Thousands of mental health counselors worry that Trumpism is bad for Americans’ mental health. As author Gail Sheehy wrote in Politico, the issue isn’t so much the specific political positions that Trump takes. Or at least, it’s not only that. It’s the behavior of the Republican candidate for president and how it makes people feel.
Clients who are legal immigrants tell therapists that their children fear having to leave the United States. Mothers worry that the public body shaming of women will harm the self esteem of adolescent girls. In particular, nonwhite immigrants, LGBTQ people, and racial minorities feel targeted by the Trumpist message, and so, feel growing fear, anxiety, shame, and helplessness. Same sex couples living or traveling through very conservative areas were subjected to hostility that put them in fear.
According to Sheehy, one therapist left an open letter to clients in his waiting room. It discussed the hate speech in the campaigns, discussions of terrorism, and mass shootings. And it encouraged clients who were troubled by these issues to bring them up in their sessions. Twenty of the 30 clients brought up issues stemming from the campaign. Some worried what would happen to their Muslim colleagues or customers.
Just One Example of Aggressiveness
Video Courtesy of YouTube
Stirring Up Issues For White Men, Too
Therapists who treat many white, working class men—Trump’s “base”—found that Trump’s aggressiveness brought up anger and fear by triggering childhood traumas. One reason is that the clients often came from dysfunctional families, where a parent was abusive, neglectful, violent, or depressed.
Making Therapists’ Jobs Harder
One major part of therapy is that clients learn healthier, more effective behaviors. But Trump’s campaign is giving people permission to blame others for their own fears and insecurities, especially blaming people who are perceived as “others,” and attacking them verbally or otherwise.And these are behaviors that people in therapy often need to unlearn. It’s hard to become self-aware and responsible for your own behavior, but it’s healthier. The campaign also encourages a “hypermasculinity” that opposes the behavior needed to develop healthy relationships.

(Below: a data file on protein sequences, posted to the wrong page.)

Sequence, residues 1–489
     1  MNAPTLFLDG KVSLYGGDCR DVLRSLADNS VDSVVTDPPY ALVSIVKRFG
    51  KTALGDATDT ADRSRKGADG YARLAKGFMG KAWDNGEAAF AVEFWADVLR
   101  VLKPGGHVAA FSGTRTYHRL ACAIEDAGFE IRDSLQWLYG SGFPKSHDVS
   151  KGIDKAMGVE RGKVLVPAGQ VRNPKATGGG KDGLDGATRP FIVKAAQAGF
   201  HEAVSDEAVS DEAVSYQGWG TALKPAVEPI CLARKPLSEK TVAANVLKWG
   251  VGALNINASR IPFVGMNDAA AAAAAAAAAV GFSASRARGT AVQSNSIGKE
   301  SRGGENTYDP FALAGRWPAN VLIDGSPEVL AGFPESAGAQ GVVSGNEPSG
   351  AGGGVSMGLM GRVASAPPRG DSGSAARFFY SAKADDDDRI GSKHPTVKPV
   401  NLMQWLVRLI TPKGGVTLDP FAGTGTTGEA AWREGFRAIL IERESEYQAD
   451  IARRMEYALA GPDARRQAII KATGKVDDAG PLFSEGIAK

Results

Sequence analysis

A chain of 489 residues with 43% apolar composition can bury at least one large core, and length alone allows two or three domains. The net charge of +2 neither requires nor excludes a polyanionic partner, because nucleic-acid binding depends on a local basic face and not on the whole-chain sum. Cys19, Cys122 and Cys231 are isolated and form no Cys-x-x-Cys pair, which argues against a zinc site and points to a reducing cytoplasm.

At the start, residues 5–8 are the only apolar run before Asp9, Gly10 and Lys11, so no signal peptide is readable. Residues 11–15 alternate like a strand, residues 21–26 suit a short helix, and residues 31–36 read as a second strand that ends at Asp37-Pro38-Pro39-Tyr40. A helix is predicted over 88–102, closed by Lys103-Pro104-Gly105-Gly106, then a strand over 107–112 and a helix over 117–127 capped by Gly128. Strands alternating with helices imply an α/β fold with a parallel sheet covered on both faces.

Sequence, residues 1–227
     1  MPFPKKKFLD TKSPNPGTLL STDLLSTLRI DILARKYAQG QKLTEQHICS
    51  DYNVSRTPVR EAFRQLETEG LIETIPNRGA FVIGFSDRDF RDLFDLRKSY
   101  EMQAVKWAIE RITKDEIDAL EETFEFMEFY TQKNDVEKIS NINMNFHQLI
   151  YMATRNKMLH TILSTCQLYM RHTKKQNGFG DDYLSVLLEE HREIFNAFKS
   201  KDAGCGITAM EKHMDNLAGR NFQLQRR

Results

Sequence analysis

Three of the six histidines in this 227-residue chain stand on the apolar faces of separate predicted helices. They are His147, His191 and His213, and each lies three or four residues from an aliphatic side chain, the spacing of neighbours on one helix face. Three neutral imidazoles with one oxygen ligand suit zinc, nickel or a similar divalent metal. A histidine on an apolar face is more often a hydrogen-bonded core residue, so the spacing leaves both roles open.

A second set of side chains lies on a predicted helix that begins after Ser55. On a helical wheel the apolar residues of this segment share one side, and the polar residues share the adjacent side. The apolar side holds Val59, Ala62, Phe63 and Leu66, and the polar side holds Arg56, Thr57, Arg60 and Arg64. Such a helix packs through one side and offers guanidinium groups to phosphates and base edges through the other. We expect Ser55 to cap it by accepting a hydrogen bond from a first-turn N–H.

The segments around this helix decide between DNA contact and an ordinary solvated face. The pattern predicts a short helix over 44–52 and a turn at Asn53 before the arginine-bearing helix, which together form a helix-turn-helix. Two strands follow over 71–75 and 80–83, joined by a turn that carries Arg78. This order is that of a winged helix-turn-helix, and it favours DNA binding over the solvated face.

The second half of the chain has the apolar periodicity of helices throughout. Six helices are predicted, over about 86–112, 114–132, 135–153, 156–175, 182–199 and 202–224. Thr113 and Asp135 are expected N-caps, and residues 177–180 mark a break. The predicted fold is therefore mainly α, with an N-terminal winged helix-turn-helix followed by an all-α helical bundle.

William Doherty, a psychologist at the University of Minnesota, noticed parallels between the atmospheres in the United States and in Austria, where a neofascist candidate for president is in the lead. He says there is good reason to believe that authoritarian regimes with a cult of personality are dangerous to mental health. In fact, he surveyed 1,000 Americans who were not necessarily in therapy. He found that people were more anxious and fearful about this election than about past elections. So he wrote a manifesto and organized Citizen Therapists as an online community of therapists trying to prevent the potential mental health crisis. About 3,000 therapists signed his manifesto, and they have created an online community to discuss how to help their clients deal with these issues.
The therapists aren’t trying to persuade clients to vote for any particular candidate. Their focus is on helping clients overcome the fear and anxiety.
Image is a YouTube screengrab.